Charlie St. Cloud

6 Aug

Title: Charlie St. Cloud
Year: 2010
Director: Burr Steers
Writers: Craig Pearce and Lewis Colick, based on the novel by Ben Sherwood
Starring: Zac Efron, Kim Basinger, Ray Liotta, Amanda Crew, Charlie Tahan
MPAA Rating: PG-13, language including some sexual references, an intense accident scene and some sexuality
Runtime: 99 min
Major Awards:
IMDb Rating: 4.9
Rotten Tomatoes: 26%

Even though I didn’t enjoy Charlie St. Cloud at all, I didn’t enjoy it for reasons different than the ones I thought were going to be the ones causing the disliking. You see, I went into this film thinking Zac Efron was going to be rather sucky and make this film bad, but instead, Zac Efron’s performance is actually one of the few good things one can say about Charlie St. Cloud, it’s not a fantastic performance, but it’s a very decent one, everything else, however, is just a really shallow and sappy, and I doubt people that aren’t Zac Efron fans will like this one much.

Seriously though, Zac Efron is quite okay in this one, I’m far from being a fan of his, mostly because I hated that whole High School Musical franchise, but if you look at his non-HSM stuff you will find Hairspray, in which he was okay, Me and Orson Welles, in which he was pretty damn good, last year’s 17 Again, which I actually enjoyed a fair bit, and now this one. All of which points to the fact that this guy can be a pretty decent actor, and my guess is that if he ever gets a role that seriously suits him he’ll surprise everyone and give an awesome performance, and those are words I seriously never thought I’d say about him.

But that fact of the matter is that, as nice as Mr. Efron’s performance may be it’s not nearly enough to salvage Charlie St. Cloud, this is still a film that felt like a Hallmark movie to me, a photography that’s pretty in the annoying way, a list of songs that add to the sentimental nonsense this film tries to achieve. And don’t get me wrong, I like the sentimental films, however, the sentimental films that really work, I’m thinking stuff like The Notebook or Life as a House, are the ones that don’t rely on you to think too much but rather to let yourself fall into the story and go with it, without thinking it over too much, Charlie St. Cloud to me felt as one journey I couldn’t let myself get lost in, and as such I ended up not really loving this one at all.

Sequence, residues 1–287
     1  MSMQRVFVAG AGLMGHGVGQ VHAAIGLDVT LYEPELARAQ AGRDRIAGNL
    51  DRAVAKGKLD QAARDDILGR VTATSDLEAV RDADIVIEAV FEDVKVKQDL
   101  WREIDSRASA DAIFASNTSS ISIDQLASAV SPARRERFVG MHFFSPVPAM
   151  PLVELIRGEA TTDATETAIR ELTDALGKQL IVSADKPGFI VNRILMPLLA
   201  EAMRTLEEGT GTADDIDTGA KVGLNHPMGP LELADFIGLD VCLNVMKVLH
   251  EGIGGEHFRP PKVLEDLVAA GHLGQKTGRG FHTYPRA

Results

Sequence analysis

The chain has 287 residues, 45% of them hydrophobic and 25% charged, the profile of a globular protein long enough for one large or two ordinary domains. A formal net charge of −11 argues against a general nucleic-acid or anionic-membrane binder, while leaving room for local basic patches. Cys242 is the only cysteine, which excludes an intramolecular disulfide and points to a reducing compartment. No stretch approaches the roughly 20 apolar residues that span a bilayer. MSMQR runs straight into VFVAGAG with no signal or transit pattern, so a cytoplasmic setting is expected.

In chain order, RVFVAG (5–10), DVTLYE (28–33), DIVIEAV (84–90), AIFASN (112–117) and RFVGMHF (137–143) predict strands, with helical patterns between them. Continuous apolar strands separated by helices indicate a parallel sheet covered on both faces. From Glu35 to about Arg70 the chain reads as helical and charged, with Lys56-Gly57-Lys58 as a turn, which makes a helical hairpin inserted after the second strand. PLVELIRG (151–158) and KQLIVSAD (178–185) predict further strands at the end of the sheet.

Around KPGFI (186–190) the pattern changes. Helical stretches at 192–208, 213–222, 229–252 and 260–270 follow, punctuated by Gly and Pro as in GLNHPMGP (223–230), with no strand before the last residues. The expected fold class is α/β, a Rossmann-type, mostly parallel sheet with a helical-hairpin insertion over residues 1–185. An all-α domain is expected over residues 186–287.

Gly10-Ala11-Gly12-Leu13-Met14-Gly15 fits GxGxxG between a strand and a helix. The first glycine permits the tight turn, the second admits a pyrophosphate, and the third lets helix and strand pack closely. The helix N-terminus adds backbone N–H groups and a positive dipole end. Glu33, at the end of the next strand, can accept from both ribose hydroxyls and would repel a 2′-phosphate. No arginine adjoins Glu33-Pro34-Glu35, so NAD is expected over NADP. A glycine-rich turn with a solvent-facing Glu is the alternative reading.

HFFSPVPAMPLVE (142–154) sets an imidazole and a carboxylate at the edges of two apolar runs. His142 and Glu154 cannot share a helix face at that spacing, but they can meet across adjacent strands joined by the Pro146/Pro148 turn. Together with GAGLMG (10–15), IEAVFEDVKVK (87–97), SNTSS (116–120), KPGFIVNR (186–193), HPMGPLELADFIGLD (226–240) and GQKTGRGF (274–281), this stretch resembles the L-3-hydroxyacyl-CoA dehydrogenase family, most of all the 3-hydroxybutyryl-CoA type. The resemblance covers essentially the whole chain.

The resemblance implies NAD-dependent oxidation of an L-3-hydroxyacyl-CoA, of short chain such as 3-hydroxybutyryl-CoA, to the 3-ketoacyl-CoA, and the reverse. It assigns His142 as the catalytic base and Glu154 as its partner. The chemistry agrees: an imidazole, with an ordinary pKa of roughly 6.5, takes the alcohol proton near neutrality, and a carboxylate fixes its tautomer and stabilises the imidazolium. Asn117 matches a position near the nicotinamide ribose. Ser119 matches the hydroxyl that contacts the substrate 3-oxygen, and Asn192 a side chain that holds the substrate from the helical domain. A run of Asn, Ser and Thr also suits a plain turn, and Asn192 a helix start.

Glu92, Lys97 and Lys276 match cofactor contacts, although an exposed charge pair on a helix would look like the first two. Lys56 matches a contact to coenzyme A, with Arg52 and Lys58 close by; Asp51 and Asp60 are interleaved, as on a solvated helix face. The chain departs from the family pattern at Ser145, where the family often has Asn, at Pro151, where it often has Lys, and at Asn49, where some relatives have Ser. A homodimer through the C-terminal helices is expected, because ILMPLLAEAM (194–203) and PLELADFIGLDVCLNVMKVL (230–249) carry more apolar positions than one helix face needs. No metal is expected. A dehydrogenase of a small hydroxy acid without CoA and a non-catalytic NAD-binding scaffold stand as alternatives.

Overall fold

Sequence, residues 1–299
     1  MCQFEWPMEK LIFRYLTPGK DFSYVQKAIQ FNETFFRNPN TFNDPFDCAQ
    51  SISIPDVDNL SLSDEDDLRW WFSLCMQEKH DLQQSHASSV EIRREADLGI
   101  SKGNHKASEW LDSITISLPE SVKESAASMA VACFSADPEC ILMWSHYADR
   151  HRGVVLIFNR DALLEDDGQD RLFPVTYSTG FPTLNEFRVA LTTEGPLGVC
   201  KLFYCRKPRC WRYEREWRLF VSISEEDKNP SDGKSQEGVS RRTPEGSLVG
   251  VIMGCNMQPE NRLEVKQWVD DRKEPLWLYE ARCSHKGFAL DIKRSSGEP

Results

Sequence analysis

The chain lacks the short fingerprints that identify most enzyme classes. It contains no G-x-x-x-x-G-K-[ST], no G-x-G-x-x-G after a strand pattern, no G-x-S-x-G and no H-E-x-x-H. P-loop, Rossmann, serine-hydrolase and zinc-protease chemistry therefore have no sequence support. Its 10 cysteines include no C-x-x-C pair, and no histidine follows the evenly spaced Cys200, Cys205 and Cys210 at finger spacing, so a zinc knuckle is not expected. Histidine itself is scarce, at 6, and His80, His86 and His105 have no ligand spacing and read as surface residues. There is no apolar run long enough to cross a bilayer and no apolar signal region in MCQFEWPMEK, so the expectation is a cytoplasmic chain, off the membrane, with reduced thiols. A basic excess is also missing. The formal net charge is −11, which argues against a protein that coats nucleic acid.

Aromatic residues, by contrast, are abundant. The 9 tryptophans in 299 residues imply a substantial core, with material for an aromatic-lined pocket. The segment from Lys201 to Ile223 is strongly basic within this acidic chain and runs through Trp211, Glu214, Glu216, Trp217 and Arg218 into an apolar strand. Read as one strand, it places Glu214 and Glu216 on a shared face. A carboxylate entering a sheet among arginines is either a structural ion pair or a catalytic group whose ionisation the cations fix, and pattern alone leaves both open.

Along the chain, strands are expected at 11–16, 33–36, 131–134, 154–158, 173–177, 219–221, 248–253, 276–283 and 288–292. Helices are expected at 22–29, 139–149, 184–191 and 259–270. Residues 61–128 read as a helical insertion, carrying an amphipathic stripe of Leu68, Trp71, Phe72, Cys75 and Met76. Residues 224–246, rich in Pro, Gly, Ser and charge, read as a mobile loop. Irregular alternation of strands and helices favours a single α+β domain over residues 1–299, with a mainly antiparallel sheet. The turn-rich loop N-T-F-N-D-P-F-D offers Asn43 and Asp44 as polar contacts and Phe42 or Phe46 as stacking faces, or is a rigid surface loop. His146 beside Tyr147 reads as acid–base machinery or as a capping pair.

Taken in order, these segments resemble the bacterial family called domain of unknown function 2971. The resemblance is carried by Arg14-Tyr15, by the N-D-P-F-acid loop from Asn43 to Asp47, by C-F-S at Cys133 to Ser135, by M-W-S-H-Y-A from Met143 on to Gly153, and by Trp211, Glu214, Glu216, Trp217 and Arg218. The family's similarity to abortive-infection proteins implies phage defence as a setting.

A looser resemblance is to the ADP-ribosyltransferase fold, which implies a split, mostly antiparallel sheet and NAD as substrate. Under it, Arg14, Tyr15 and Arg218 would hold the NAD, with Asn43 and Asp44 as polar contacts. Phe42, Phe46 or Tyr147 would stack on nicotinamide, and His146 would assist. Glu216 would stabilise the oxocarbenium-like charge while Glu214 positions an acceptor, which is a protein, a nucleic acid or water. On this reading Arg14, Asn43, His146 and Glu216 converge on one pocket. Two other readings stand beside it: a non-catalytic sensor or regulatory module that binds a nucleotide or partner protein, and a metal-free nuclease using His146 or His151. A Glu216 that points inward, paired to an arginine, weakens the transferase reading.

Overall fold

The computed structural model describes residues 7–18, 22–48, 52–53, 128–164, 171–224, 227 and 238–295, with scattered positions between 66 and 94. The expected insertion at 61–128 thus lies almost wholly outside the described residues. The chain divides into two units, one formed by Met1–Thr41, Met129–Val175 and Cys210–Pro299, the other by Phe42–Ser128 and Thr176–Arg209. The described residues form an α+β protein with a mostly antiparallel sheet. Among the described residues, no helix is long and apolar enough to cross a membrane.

Burr Steers, the director in this one, is a man who has directed only two other feature length films prior to this one, one was the aforementioned 17 Again which was the first time he collaborated with Mr. Efron, and the first one, back in 2002, was Igby Goes Down, and that was a film I thought was pretty much perfect. By this I mean that Mr. Steers is a guy who had done a pretty entertaining film last year, and an extraordinary one eight years ago, so one would think he’d know how to tackle this one, too bad that wasn’t the case.

This is a horribly melodramatic film, and has a huge supernatural element in it that could have played well had it been tackled differently by the film, the thing here is that Charlie, Zac Efron’s character, can see, and hangs out with, the ghost of his dead younger brother, who died in a car accident that will change the life of Charlie forever. Firstly, Charlie was supposed to go to Stanford on a scholarship, but instead, as the movie fast forwards five years, we see Charlie is still there, working at the local cemetery. And when the sun starts going down he goes and play catch with the ghost of his brother who is now just one of the many dead people he can see and interacts with.

Then there’s this girl who comes to the town and she and Charlie fall in love, but she has to leave to go sailing around the world and Charlie, even though that scholarship he had gotten was for sailing, had vowed never to abandon the ghost of his younger brother. It may sound all good and nice, however it’s really not, it feels too forced and, as I said before, the cinematography is pretty in the most clichéd way, and that further takes away from it. You may notice that this film, on its surface at least, resembles a potential plot for a Nicholas Sparks novel, and if that had been the road this one had taken maybe it would have worked. But then again maybe it would have turned out like The Last Song, and we’re actually better off with this one.

I wouldn’t necessarily tell you to avoid seeing Charlie St. Cloud at all costs, it does have in Mr. Efron a guy who you know will someday blossom into a talented guy when and if he finds the right breakthrough role and it also has, in Ms. Crew, a capable enough girl for him to interact in the romantic parts of this, unfortunately the plot and how Mr. Steers and his screenwriters chose to tackle this one was all wrong, and the end result is a mediocre film that wasted the potential to be a decent enough little film and that few people that aren’t Zac Efron fans will find themselves enjoying.

Grade: C-


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